I’ve been single for a while and before that I was in a relationship that wasn’t all that good for me. My partner never gave me much attention and really didn’t seem to value me. In the end, she left for someone else and I was devastated. Since then I’ve found it really difficult to be attracted to other women even though there’ve been lots who’ve been attracted to me, and even when I’ve allowed myself to get intimate I haven’t got aroused.
Now I’ve met someone who absolutely does it for me. The sex is amazing, I climax reliably, and I know that I do it for her too. Problem is, in between meetings she often doesn’t get in touch for a week or so and when she does it’s often at short notice – she comes round, we go to bed, then she leaves again. After three months I’m longing for it to turn into something more serious but I don’t know how to move it on. How can I tell her that I really, really want her?
This woman already knows that you really, really want her. She knows that because you’re happy to have sex with her whenever she wants it, to accept that there’s not much in between the sex sessions and that she can come and go as she pleases.
What she doesn’t know is that you want it to be more than that. And you do need to tell her – to have a heart to heart that states clearly and directly that you want an emotional relationship as well as a physical one. So pluck up your courage and, next time she comes round, tell her the truth.
However… there are many dangers in doing that. The first and very real danger is that if you push for commitment, this woman will leave. To be frank, if she wanted more than sex, then three months into your meetings she would be in touch much more more often, she’d be wanting to spend time with you outside the bedroom, she’d be building a romantic relationship rather than just a sexual one. If you call her on that, it may be a deal breaker.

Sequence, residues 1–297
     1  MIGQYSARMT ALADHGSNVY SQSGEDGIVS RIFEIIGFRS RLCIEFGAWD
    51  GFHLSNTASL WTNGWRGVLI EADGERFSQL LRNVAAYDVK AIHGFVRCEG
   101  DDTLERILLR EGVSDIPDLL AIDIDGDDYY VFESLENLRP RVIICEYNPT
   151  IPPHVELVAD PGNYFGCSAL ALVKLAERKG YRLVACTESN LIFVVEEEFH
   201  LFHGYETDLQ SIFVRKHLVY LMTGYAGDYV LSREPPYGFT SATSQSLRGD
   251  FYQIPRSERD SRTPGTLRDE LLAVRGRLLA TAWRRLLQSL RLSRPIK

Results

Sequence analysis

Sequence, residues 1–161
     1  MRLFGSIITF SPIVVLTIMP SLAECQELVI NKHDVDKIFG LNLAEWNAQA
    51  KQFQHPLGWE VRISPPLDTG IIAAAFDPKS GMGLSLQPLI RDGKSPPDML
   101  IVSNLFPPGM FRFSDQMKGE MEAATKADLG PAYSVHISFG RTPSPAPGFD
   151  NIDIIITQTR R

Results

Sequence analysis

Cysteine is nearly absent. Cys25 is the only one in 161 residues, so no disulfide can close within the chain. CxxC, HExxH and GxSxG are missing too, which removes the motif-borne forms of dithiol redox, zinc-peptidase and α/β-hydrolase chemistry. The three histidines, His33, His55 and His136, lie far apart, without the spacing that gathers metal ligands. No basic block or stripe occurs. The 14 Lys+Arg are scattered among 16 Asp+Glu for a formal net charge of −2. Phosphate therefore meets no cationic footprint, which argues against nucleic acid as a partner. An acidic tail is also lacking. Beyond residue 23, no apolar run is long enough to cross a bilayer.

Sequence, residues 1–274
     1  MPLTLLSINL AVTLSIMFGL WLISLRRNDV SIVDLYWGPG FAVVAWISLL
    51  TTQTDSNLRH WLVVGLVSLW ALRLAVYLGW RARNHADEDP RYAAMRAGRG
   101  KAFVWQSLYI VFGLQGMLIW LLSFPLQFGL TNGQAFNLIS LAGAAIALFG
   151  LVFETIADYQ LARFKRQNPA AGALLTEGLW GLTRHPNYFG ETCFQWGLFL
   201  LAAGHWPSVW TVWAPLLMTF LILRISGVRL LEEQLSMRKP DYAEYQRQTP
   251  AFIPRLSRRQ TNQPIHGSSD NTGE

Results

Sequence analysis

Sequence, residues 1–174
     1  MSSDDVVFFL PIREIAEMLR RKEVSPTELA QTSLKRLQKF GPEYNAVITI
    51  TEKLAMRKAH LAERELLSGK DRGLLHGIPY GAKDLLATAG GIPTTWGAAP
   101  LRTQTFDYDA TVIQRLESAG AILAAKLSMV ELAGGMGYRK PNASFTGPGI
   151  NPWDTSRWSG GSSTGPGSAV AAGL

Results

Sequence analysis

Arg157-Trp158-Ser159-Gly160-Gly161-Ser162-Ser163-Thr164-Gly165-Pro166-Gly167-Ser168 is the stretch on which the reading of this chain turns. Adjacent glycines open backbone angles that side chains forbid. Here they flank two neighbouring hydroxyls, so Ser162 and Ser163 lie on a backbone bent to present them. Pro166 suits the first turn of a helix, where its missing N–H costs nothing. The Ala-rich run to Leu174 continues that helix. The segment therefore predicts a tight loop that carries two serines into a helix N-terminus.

There’s another issue too – that if she does agree to a relationship with you you’ll end up in yet another situation where you are doing all the giving and all the trying, and where you feel just as insecure as you did in your last partnership. (It could even be that this insecurity is what’s making the sex work – anxiety can raise desire as well as lower it!)
I am not, repeat not, suggesting that you brought this situation on yourself. I am suggesting that you are settling for someone who doesn’t care for you as much as you care for them – and that a relationship with this woman is not necessarily your next best step.
I’d end it with her. Then I’d aim at having a relationship with a woman who really values you, with whom you can get to a point where you can receive affection (and sexual fulfilment) as well as give it. This might mean working with a counsellor to resolve past issues – but it will be worth it. You deserve a relationship where you are loved as much as you love.
Susan Quilliam also offers email, phone and face-to-face coaching on relationship and sexuality issues. Contact her here